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Dead Island: Riptide

Video Game Review: ‘Dying Light’ Does Just Fine

Dying Light

CHICAGO – Playing “Dying Light” in co-op mode began a tale of two different gamers with two different lives and two different tastes. My co-op partner, Matt, is an Internet networking guru with a brand new Xbox One and not much to play on it beyond “#IDARB” (which is fantastic and free). He sunk his teeth into it like like an Asgardian at an all-you-can-eat buffet. He loved the open world, the graphics and the gruesomeness.

Video Game Review: ‘Dead Island: Riptide’ Pulls You In

Dead Island: Riptide

CHICAGO – Much to the chagrin of practically everyone I know, the idea of “relaxing” is a bit…underwhelming (which is probably the point). Even with the crash of the waves, warm sand, girls in bikinis, surfing, snorkeling, and the ability to re-enact those Corona beer commercials, well, not to sound ungrateful to the Barbadoses and Bermudas of the world, I’d be bored in 10 minutes. But if you give me an arcade, or a golf course, or a football, or, well, thousands of undead zombies, as is the case in “Dead Island: Riptide” suddenly we have ourselves a ball game.

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TV, DVD, BLU-RAY & THEATER REVIEWS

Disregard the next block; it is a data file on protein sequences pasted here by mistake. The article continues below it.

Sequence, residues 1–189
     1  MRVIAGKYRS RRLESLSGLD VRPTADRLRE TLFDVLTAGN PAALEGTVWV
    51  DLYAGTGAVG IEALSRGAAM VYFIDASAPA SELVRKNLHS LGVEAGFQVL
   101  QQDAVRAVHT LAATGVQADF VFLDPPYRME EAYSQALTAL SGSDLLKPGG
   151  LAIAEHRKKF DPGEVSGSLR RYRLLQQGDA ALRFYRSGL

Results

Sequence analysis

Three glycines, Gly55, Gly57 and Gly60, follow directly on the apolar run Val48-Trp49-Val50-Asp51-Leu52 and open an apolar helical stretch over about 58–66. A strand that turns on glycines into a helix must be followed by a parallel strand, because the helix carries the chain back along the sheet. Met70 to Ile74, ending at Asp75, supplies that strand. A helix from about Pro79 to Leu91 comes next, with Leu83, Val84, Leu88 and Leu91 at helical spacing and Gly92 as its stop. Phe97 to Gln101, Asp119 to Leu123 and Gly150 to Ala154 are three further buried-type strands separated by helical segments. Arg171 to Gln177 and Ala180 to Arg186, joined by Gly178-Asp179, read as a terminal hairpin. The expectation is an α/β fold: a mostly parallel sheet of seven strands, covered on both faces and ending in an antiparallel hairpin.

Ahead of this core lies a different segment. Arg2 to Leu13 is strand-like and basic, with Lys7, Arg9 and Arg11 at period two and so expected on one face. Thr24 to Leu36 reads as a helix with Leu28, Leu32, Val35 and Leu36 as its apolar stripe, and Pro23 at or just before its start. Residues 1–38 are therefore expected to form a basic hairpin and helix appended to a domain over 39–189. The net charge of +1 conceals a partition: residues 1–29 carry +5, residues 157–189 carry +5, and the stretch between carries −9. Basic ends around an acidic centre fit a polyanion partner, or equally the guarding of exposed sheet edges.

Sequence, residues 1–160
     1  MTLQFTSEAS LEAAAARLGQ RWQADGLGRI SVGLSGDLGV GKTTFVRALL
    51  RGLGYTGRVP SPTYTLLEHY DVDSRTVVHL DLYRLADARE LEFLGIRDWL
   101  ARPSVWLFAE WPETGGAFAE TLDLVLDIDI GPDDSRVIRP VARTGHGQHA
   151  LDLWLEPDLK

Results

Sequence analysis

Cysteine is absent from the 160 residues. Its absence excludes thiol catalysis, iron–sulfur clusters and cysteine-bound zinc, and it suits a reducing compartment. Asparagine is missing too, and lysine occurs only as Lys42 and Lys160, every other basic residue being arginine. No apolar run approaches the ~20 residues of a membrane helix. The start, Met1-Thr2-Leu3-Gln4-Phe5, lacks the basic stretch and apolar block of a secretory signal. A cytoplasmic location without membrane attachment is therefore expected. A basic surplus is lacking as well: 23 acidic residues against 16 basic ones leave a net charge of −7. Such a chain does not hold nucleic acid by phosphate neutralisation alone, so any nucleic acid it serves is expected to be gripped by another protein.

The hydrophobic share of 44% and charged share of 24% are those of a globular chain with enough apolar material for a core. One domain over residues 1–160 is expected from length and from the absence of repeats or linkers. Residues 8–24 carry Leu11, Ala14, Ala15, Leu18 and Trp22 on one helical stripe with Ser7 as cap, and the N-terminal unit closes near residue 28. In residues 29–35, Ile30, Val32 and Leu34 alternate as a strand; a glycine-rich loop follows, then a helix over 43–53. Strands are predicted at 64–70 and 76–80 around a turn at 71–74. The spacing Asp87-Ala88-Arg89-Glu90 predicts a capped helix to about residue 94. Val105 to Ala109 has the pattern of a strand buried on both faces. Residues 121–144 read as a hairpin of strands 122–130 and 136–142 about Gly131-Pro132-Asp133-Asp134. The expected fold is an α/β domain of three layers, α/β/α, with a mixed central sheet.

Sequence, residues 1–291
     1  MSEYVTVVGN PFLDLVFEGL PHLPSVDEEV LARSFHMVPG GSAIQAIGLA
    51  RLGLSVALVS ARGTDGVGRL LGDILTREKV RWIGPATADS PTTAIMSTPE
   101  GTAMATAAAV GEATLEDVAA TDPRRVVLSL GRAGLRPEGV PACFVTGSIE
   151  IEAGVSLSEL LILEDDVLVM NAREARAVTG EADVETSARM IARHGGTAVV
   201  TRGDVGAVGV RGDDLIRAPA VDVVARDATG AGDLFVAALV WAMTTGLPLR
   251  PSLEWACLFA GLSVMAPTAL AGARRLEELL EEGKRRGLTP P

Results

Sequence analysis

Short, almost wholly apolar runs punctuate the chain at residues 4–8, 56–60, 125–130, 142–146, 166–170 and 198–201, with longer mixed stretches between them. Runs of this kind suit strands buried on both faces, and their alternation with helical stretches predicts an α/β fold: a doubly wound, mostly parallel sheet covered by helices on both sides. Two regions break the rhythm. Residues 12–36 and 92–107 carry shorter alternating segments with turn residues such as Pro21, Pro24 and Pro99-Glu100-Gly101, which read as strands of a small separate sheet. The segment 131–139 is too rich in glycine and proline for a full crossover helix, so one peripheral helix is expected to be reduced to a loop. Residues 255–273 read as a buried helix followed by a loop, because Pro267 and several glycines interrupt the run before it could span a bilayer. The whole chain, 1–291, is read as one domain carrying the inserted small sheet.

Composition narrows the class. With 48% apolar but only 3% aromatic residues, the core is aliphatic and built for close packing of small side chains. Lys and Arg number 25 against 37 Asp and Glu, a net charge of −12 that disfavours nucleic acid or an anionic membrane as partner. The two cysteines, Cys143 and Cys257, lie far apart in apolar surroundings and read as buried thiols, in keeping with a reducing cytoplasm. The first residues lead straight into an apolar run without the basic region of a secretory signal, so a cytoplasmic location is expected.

• Everybody, Brown Paper Box Co

    CHICAGO – When is the last time a stage play, based in an intimate setting, made you think about your life, death, and the destiny inherent in both? “Everybody,” staged by Brown Paper Box Co. (BPBCo), is such a play, and the energetic aura and sense of surprise that the show contains is soul soothing wonder. The show has various evening/matinee performances at the Pride Arts Center in Chicago run through August 12, 2018. Click here for more details, including ticket information.

  • Not One Batu

    CHICAGO – The State of Hawaii may be one of the most misunderstood in America. Because of its reputation as a tourist mecca, the fact that native peoples live and work there like any other place is hard to imagine. Also unimaginable is the drug use of island residents, but playwright and Hawaiian native Hannah li-Epstein wrote about it in her stage play “Not One Batu,” now in its Premiere Chicago run at the Berger Park Coach House through July 28th, 2018. For more information, including tickets, click here.

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